Acid Rain Facts: You Need To Read & Be Safe For Life | Kidadl


Acid Rain Facts: You Need To Read & Be Safe For Life

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Creating an acidic environment with incessant pollution is responsible for growing instances of acid rain.

Acid rain, often known as acid deposition, corresponds to any sort of precipitation that includes acid content, such as sulfuric or nitric acid, that falls to the ground wet or dry from the atmosphere. This could include acidic rain, snow, fog, hail, or even dust.

Nitrogen oxides (NOX) and Sulfur dioxide (SO2) are gases that are emitted into the atmosphere and carried by wind and air currents, resulting in acid rain.  SO2 and NOX react with water, oxygen, and other molecules, sulfuric and nitric acids are generated. This acid rain falls on the soil after interacting with water and other substances. When gases like nitrogen oxides and sulfur dioxide.

After reading all about acidic water and its impact on climate change and survival of aquatic life, also check how often does it rain in Seattle and where does rain come from?

International Acid Rain Information Centre Manchester

John Evelyn, reflecting on the bad condition of the Arundel marbles in the 17th century, noticed the corrosive effect of dirty, acidic city air on limestone and marble.  Sulfur dioxide and nitrogen oxide emissions into the environment have grown since the Industrial Revolution. In Manchester, England, in 1852, Robert Angus Smith was the first to demonstrate the link between acid rain and pollution.

Scientists began watching and analyzing the phenomenon in detail in the late '60s. Robert Angus Smith originated the term 'acid rain' in 1872. The first person to investigate a dead lake from Canada was named Harold Harvey. The primary focus of this study was initially on the local impacts of acid rain. Waldemar Christofer Brøgger was the first to recognize long-distance pollution trafficking between the United Kingdom and Norway. The New York Times ran reports from the Hubbard Brook Experimental Forest in New Hampshire about the detrimental environmental effects of acid rain in the '70s, which raised public awareness of the problem in the United States.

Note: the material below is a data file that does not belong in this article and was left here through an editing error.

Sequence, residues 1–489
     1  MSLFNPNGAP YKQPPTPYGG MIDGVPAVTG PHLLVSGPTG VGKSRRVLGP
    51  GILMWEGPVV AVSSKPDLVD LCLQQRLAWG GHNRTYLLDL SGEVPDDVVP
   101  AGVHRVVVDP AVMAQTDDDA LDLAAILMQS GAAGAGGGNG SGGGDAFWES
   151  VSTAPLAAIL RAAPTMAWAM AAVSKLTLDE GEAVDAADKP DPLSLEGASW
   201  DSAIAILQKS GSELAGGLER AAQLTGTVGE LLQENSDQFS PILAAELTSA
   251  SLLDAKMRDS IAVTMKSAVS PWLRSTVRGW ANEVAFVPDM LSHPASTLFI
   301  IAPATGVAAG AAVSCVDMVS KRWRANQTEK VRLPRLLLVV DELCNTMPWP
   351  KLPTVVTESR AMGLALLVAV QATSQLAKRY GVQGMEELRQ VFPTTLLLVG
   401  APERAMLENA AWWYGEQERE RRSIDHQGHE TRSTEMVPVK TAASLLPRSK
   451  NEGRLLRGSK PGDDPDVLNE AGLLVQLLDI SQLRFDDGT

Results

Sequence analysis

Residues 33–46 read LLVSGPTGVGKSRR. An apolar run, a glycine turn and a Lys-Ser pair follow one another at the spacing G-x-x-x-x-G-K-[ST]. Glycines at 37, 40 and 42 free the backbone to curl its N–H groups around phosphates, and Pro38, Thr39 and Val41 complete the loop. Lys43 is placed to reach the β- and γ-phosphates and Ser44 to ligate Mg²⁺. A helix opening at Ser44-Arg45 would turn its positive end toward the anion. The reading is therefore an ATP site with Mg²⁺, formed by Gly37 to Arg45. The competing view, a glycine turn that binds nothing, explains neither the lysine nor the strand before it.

Comprehensive investigations of precipitation chemistry over the last 20 years have convincingly demonstrated that severely polluted precipitation falls across significant parts of Scandinavia and that the severity and spatial extent of this pollution are growing. Large amounts of Hydrogen, SO= 4, and NO 3 ions, as well as heavy metals like Cu, Zn, Cd, and Pb, are found in precipitation in southern Norway, Sweden, and Finland. These toxins originate as air pollutants in heavily industrialized areas of the United Kingdom and Central Europe and are transported over long distances to Scandinavia, in which they are accumulated in precipitation and dry-fallout.

Acidification of freshwater and the resulting reduction and loss of fish and other aquatic animals population were first observed in Norway in the '20s, and since then, salmon have been eradicated from many rivers and several lakes in Sørlandet  (southernmost Norway).

Acid precipitation has rightly risen to the top of Norway's environmental worries, causing the government to launch a major research project in 1972 called 'Acid precipitation — Effects on Forest and Fish.'

The international acid rain information center has been set up in Oslo, Norway.

Manchester is Europe's acid rain capital. In an Irish study, it was found that the rain dissolves construction materials faster in downtown Manchester than at any other test site from Donegal to Athens. A further British testing site, Liphook in Hampshire, had similarly poor results.

During the 20-month course of the study, an average of 101.4 lb (46 kg) of stone was washed from every square meter of limestone, sandstone, and marble in Manchester, according to Paul O'Brien and colleagues from Trinity College, Dublin. The city was hit the hardest because its rain was the most acidic, despite the fact that its rainfall was among the lowest throughout the study period.

Air Pollution And Acid Rain

What is acid rain?

Any type of precipitation containing significant levels of nitric and sulfuric acid is referred to as acid rain. It can also take the form of snow, fog, or little fragments of dry debris that fall to the ground. Normal rain has a pH of 5.6. Normal rain is mildly acidic, whereas acid rain has a pH of 4.2 to 4.4.

What are the effects of acid rain?

Some chemicals are released by rotting flora and erupting volcanoes, but the majority of acid rain is caused by human activities. Coal-fired power generation, manufacturing, and autos are the primary contributors.